Secondly, Malaysia is a shining example of a country encouraging sustainable Palm Oil production, it has been reducing it deforestation as a result and it makes sense to reward its farmers by giving them our trade.

Surprise, surprise the EU is responding to its big vegetable oil farmers’ lobby by introducing new, higher barriers to Palm Oil imports – ignoring the advances in Malaysia and punishing its consumers at a time of high food inflation. The UK has no need for such indulgencies through tariff barriers and hidden subsidies and can instead let the market decide. Which oils it should buy.

When it comes to protests about saving the environment the reality is that rather than being demonised by Water Melon NGO’s for rewarding Malaysia’s farmers who have turned to sustainable farming, the UK should be applauded for showing leadership in tackling deforestation and protecting precious habitats of endangered species. Getting into the CPTPP will be a Brexit bonus – on top of helping save the Orangutang.

[*Water melons – Green on the outside but bright Red on the inside]

Inconvenient truths for Water Melons to consider:

  • 90% of the palm oil imported into the continent of Europe (including the UK) is sustainable and does not cause deforestation.
  • Oil yields for palm per hectare is almost 6-10 times that of other oilseeds such as rapeseed, soybean, olive, or sunflower.
  • Because of its high yield, palm oil requires around one-ninth the land of substitutes like rapeseed, olive and soybean. To keep pace with growing food demand would require 36 million hectares of additional Oil Palm land, whereas soybean, the second most popular oil crop, would need 204 million more hectares.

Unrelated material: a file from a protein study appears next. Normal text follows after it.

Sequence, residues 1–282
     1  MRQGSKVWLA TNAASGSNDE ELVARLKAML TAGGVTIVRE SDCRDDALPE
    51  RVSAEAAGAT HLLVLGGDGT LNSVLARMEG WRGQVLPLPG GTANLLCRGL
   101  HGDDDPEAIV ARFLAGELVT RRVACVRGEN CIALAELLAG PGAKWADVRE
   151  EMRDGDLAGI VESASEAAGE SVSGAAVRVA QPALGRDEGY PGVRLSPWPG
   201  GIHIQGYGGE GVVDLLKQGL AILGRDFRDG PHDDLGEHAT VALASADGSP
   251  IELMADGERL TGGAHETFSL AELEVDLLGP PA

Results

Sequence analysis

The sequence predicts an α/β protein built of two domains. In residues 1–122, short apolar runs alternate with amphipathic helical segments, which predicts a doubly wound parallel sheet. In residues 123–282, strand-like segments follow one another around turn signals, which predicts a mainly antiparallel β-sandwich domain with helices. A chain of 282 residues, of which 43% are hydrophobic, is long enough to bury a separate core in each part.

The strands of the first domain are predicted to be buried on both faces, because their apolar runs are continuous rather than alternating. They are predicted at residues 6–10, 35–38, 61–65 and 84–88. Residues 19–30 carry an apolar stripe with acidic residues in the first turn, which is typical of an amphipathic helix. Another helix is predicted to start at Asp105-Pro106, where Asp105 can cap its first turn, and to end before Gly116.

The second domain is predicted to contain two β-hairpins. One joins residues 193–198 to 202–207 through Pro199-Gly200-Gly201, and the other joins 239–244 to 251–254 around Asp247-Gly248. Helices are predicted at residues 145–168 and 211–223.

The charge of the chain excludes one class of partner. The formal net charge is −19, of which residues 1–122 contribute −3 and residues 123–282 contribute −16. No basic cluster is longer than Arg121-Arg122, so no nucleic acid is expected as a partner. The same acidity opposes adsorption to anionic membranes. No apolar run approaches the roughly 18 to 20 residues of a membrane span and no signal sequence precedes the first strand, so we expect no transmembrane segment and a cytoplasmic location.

• According to Global Forest Watch, primary forest loss in Malaysia decreased by almost 70% between 2014 and 2020. According to the WRI, 2020 is the fourth straight year that palm oil deforestation has been trending down.
  • World deforestation from palm oil has fallen to a four-year low: Deforestation in Indonesia, Malaysia, and Papua New Guinea attributed to the development of oil palm plantations has fallen to its lowest level since 2017, according to satellite analysis published from risk analysis group Chain Reaction Research (CRR).
  • NGO, Global Canopy, has singled out palm oil supply chains as doing a better job than others in providing deforestation commitments: 72% of Palm Oil companies compared to the “pulp and paper (49%), soy (40%), beef (30%) and leather (28%)” sectors.
  • University of Bath scientists recently showed in Nature Sustainability that banning palm oil could drive greater rates of deforestation, by switching demand to less efficient edible oils like sunflower or rapeseed which use more land, water and fertiliser.
  • According to Global Forests Report 2020 by Carbon Disclosure Project, palm oil companies have the highest levels of rigorous no-deforestation commitments (20%), comprehensive risk assessments (25%) and integration of forest-related issues into all parts of their long-term strategic business plans (57%).
  • Malaysia’s Sime Darby Plantation, the world’s largest producer of certified sustainable palm oil, received recently a clean bill of health from US Customs, and has committed to being net-zero by 2050. The company also plans to reforest a 400-hectare (ha) area of peat plantations in Sabah and Sarawak, and to date, it has forest set-aside programmes of more than 40,000ha, with over 1.9 million forest trees planted.

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Brian Monteith has worked in public relations for forty years, initially in the City, then Scotland and finally as an international consultant in Africa, the Caribbean and South Asia. A former member of the European and Scottish parliaments, he is Director of Communications at Global Britain and editor of ThinkScotland.org.

Photo by yevgeniy11  from Adobe Stock